Below the probability , which is supposed to be low, we consider that the event is not probable. In this case, we refuse the initial hypothesis stating that and belong to the same homogeneous region of and thus do not merge the two regions. Our merging predicate may thus be stated as follows: where and denote respectively the values of and for the observation . These two terms represent the mean value of the two regions and . The term denotes the maximum level of for gray-scale images).

Note that our merge criterion is equivalent to The left member of this last equation corresponds to the difference between the squared error of and the sum of the squared errors of and [28]. Our merge criterion may thus be also interpreted as a bound on the increase of the squared errors of the regions.

Our criterion may be adapted to multichannel images as follows: where represents the mean value of the region for the channel taken in the set of channels and denotes the maximum value on channel . We take the maximum of the values obtained for each channel as a criterion. Indeed, if the predicate is true, it will be true for all the channels and so the merge hypothesis is accepted. In this paper, we have chosen the space which is the native colour space of video sequences.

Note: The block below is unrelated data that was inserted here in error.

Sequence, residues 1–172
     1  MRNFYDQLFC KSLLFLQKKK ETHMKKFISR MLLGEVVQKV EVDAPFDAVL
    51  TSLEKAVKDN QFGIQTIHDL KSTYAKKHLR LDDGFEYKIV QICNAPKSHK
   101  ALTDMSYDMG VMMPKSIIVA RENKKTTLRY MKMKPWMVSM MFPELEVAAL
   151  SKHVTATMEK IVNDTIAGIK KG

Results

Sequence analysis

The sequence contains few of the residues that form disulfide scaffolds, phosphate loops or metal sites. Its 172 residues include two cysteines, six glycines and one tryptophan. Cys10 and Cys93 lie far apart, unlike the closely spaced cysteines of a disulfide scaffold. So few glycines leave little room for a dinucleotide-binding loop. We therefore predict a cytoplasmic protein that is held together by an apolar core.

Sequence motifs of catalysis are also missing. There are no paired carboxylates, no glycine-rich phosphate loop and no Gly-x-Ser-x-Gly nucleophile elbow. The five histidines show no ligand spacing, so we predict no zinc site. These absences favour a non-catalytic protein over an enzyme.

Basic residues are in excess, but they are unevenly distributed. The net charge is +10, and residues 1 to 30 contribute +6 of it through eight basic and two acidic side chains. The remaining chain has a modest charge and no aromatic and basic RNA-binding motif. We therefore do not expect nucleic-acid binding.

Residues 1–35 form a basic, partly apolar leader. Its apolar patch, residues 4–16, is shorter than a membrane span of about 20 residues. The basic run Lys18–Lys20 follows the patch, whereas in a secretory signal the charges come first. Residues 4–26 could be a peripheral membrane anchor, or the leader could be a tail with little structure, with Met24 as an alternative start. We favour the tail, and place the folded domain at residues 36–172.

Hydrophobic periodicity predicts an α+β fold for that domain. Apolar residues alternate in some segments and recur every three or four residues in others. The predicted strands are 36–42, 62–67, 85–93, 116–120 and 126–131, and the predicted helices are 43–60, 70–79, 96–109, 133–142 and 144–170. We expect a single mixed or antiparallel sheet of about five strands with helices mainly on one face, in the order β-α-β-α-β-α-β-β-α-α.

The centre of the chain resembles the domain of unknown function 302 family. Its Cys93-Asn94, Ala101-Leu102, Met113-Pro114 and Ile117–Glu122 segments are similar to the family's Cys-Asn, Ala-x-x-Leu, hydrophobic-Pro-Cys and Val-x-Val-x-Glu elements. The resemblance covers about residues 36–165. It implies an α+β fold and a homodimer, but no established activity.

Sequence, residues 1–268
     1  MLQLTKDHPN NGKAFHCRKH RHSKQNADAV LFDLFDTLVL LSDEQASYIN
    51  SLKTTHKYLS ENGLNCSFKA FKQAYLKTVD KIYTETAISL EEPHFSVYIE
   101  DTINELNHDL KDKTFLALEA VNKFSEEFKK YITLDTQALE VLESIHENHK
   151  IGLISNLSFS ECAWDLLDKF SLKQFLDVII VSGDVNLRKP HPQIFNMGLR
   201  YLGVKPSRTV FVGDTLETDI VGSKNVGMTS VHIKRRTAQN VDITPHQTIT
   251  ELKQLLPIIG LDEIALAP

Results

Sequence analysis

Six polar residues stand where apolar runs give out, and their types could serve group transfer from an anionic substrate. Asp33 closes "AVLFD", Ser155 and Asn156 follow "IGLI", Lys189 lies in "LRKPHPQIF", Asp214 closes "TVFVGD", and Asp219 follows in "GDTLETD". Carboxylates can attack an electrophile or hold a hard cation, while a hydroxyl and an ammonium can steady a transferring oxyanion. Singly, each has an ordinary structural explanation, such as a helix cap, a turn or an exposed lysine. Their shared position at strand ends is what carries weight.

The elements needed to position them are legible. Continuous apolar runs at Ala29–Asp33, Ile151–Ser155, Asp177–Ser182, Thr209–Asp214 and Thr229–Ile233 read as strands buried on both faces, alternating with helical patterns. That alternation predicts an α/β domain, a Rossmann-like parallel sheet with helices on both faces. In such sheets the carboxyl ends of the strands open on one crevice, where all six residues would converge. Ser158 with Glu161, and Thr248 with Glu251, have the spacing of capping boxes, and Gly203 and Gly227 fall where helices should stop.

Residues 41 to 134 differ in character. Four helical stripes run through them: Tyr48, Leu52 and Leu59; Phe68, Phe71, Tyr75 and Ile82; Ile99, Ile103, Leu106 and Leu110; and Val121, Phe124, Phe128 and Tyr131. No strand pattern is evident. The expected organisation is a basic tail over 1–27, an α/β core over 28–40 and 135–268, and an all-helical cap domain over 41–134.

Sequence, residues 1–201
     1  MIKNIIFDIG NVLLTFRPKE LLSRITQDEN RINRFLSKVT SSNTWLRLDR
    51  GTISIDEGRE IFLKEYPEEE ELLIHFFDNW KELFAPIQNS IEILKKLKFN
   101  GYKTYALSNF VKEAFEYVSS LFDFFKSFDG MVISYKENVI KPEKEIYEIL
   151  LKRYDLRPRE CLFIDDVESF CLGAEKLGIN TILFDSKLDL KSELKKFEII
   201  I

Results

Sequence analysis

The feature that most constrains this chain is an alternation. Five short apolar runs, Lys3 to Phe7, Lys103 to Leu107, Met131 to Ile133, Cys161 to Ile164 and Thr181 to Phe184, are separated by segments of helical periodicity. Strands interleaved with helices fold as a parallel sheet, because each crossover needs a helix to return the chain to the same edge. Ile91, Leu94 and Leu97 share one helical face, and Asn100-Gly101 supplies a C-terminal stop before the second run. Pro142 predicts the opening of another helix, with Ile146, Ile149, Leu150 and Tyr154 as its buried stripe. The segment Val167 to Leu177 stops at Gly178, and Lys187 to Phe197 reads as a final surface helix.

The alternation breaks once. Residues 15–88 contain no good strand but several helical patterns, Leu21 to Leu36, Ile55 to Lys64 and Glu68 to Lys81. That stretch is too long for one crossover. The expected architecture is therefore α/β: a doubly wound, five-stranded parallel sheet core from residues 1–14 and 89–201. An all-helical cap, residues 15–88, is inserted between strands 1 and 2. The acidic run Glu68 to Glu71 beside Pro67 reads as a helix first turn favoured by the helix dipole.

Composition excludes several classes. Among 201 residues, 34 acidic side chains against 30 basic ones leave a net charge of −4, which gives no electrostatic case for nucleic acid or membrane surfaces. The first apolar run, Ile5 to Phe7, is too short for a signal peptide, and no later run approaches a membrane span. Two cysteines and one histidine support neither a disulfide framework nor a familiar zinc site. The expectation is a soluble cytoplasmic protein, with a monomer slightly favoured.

Both our method and the one of Nock [4] are based on the McDiarmid inequality. However, Nock models each pixel of the ideal image as a sum of random variables whereas our method only uses one r.v. per pixel. The approach proposed by Nock consists to fix the probability and to use in order to vary the merge threshold. To our point of view, the probability below which we refuse the merge hypothesis has a more straightforward interpretation than the variable . The resulting criteria are slightly different, our criterion differs by a factor from the one first proposed by Nock. Our criterion is also significantly different from the second Nock criterion which uses an estimate of the number of final regions whose cardinal is equal to a given value. However, both our criterion and the final Nock criterion may be related, our one being more strict than the one of Nock [4] for a given probability .